Just how Owen and Margaret came to America is pieced together from several family histories. Owen was heir to his family estate and castle in Ardea in County Kerry on Ireland’s southeast coast. By 1723, however, the castle was in ruins. The O’Sullivans had sided with King James II in his effort to regain the British throne.
When King William of Orange dispatched James to France in the Battle of the Boyne in 1692, any chance of Owen regaining his ancestral power went with him. Owen was raised and schooled in France.
Owen’s own father died in France, as Owen recalled: “My father died, as they told me, of an ulcer raised in his breast, occasioned by a wound he received in France, where he fought a duel with a French officer; and when he wounded his antagonist, another runned a sword through his back so that the point appeared at his breast.”
Upon returning to Ireland after his schooling, Owen fell in love. But his intended wife was not acceptable to his mother, who refused to consent to the marriage. Owen threatened that if she did not relent, she would never see him again.
With few prospects in Ireland, the 31-year-old Owen set off from Limerick to America. A well-educated Catholic, he arrived and settled in Newburyport, Massachusetts where he was indentured to a Newbury farmer to pay for his voyage.
But Owen had higher expectations. He wrote a letter to the Rev. Samuel Moody of York, Maine. He penned the letter in multiple languages, demonstrating his fluency in Greek and Latin, and expressing his hopes for a better position.
Moody, recognizing Owen’s talents, loaned him money to set himself up as a teacher in Berwick, Maine. For nearly 50 years, he taught in Berwick and Somersworth, N.H.
Margaret Brown came from less regal beginnings. Born in County Cork, both her parents died when she was just an infant. Margaret was tenacious. It’s unclear how she got on the same boat as Owen from Ireland to America. She may have pledged her labor to pay for passage, or she may have been a stowaway. Margaret was only nine years old when she crossed to America (Owen was 31).
About ten years later, Owen and Margaret would marry and they dropped the O from their name. Margaret, known as Margery, was a small woman, and one history describes her: “She was very remarkable for her beauty, her vanity, her talents and her energy; and not less remarkable for the violence of her temper.”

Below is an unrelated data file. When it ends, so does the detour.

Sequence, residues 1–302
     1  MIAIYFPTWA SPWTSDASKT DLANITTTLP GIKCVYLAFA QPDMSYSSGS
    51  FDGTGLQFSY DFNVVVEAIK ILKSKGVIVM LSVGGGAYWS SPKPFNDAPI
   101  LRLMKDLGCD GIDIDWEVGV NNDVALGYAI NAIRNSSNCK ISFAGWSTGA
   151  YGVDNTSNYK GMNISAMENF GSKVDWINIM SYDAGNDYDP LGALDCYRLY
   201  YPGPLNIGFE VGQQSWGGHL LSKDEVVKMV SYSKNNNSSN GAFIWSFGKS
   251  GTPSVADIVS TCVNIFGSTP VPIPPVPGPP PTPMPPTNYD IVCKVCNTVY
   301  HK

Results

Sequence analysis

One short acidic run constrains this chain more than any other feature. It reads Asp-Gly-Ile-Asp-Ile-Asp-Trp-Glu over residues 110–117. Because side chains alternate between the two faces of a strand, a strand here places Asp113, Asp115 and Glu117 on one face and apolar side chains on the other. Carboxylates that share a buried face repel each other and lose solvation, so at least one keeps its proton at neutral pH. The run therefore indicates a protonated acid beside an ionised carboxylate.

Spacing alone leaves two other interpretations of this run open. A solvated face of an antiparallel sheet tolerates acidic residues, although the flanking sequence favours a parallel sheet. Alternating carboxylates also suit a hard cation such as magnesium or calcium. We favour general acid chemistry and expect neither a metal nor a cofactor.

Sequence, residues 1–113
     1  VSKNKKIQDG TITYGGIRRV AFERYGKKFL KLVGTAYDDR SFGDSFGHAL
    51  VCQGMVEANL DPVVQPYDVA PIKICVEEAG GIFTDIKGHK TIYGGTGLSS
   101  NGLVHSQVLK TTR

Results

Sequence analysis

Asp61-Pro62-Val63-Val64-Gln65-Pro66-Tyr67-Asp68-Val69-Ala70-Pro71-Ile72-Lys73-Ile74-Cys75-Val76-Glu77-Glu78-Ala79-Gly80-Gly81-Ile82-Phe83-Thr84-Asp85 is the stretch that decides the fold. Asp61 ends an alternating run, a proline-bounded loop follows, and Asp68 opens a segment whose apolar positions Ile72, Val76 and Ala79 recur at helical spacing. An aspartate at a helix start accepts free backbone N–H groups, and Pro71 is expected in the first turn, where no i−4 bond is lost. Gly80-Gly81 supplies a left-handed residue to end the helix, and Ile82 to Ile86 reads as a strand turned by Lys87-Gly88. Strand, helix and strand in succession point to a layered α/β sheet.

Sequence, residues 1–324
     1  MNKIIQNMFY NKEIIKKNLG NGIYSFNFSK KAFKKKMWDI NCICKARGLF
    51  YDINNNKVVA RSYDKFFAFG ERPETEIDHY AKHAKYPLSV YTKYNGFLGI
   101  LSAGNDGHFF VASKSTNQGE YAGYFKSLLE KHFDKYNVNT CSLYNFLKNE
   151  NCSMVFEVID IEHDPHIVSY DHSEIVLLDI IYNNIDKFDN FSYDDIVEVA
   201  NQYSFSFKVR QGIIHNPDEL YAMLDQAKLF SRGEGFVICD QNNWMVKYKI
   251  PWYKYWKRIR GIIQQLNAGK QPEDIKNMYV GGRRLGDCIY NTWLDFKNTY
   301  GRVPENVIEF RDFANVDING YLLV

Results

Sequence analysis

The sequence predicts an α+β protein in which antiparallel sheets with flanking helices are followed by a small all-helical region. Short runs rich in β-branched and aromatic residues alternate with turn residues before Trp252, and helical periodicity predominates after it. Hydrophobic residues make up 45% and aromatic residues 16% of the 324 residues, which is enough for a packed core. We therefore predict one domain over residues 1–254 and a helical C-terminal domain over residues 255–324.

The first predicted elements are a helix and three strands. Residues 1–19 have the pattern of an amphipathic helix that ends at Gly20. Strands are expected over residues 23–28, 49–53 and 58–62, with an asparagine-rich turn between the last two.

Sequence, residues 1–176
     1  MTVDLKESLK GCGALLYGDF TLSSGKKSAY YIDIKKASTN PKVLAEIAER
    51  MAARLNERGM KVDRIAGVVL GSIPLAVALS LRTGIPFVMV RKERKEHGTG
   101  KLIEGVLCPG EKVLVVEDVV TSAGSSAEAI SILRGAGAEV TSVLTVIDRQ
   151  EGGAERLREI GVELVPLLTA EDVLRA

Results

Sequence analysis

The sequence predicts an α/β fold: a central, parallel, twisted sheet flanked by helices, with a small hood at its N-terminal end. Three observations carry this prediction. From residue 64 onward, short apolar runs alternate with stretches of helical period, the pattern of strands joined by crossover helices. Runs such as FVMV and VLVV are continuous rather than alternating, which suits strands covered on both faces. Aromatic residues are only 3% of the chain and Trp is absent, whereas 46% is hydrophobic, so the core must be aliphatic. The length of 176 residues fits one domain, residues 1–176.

Margaret had none of Owen’s sophistication or education, but she had the drive to manage the family farm in Berwick and she imbued her children with ambition while Owen kept school.
The union of the mild, bookish school teacher and the fiery, beautiful stowaway would hit a major pothole in 1743. Overwhelmed by his wife’s demeanor, Owen left his family. To try to make up with him, Margaret published an advertisement in the Boston Post:
My dear and loving Husband, Your abrupt departure from me, and forsaking of your wife and tender babes, which I now humbly acknowledge and confess I was greatly, if not wholly the occasion of, by my too rash and unadvised speech and behavior towards you ; for which I now in this public manner humbly ask your forgiveness; and hereby promise upon your return to amend and reform, and by my future loving and obedient carriage towards you, endeavor to make an atonement for my past evil deeds, and manifest to you and the whole world that I am become a new woman, and will prove to you a loving, dutiful and tender wife.
Owen, for his part, never got over his first love in Ireland. Even at an advanced age, the memory of the girl he left behind in Ireland could bring him to tears. True to his word, he never communicated with his mother again.
By the time of their separation, Owen and Margaret already had two children. They would reunite and eventually have four sons and a daughter. They lived together another 50 years until Owen died at age 104.
Two sons played prominent roles in the American Revolution. John Sullivan apparently took after his mother. A fierce soldier, short and stout, he became a general in the Continental Army and governor of New Hampshire.
James Sullivan, meanwhile, would rely on legal skills to win him fame. James suffered from Epilepsy and a bad leg that was injured while working on the family farm as a boy. Nevertheless, he would become a key supporter of John Hancock and Samuel Adams. After the Revolution he was one of Massachusetts’ leading lawyers and was elected governor twice.
Thanks to: The Story of Berwick, The Life of James Sullivan and New Hampshire, An Epitome of Popular Government.